| NEW YORK
NEW YORK Feb 12 A crowd-pleasing old English
sheepdog with only three previous shows to his name emerged as a
surprise contender for best in show at the 137th Westminster
Kennel Club Dog show, which concludes on Tuesday.
Swagger, a 20-month-old, 90-pound (40-kg) cloud of white and
gray fur, won best in group for herding dogs on Monday at New
York's Madison Square Garden to some of the loudest cheers of
He will be one of seven finalists for best of show. Four of
them advanced on Monday with three more due to qualify on
Swagger was a late entrant to the show after Westminster
expanded its rules this year to allow so-called class dogs,
which are dogs that have not won enough shows to be considered a
champion under American Kennel Club rules, for the first time
"He's such a cool dog," Colton Johnson, the dog's handler
and owner, said of the happy-looking dog whose eyes are barely
visible through his shaggy fur. "He's a natural."
Swagger is so young he still has not shed all his puppy fur,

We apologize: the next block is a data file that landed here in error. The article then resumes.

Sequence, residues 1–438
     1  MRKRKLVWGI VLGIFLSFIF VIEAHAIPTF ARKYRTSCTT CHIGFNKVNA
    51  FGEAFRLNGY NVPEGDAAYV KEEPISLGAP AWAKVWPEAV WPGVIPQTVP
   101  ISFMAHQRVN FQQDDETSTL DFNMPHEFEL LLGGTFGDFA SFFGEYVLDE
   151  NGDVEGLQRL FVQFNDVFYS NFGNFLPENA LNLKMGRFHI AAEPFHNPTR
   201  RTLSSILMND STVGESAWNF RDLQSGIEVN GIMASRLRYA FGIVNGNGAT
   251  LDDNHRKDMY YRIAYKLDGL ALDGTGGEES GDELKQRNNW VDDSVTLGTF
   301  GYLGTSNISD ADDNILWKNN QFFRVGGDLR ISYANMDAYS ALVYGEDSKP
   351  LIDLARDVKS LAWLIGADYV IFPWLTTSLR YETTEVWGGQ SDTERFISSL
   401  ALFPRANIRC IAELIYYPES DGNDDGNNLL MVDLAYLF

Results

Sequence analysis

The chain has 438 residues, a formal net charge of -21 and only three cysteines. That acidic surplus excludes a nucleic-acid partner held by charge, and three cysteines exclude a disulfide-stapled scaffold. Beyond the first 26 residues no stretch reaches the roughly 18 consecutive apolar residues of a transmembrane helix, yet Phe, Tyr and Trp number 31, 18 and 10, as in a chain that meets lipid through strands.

said Johnson, of Colorado Springs, Colorado.
Swagger joined an athletic American foxhound called Jewel, a
little black affenpinscher called Banana Joe and a fluffy white
bichon frise called Honor as contenders for best in show after
they won their respective herding, hound, toy and non-sporting
group shows on Monday.
They will be joined by the best of the sporting, working and
terrier groups, due to be picked on Tuesday.
This year, two newly recognized breeds have been approved to
appear in the show: the treeing Walker coonhound, a tall,
flappy-eared descendant of the foxhound; and the Russell
terrier, the subject of some controversy stemming from the
differing taxonomic habits of kennel clubs in the United States,
Britain and Australia.
More than 2,700 dogs were due to compete over two days. This
year's dogs come from all 50 U.S. states and there are more than
100 foreign entries from Brazil, Croatia, France and Japan,
among other countries, organizers said.
The 2012 show was won by Palacegarden Malachy, a male
Pekingese, who, as is traditional, has since retired.
(Editing by Daniel Trotta and Mohammad Zargham)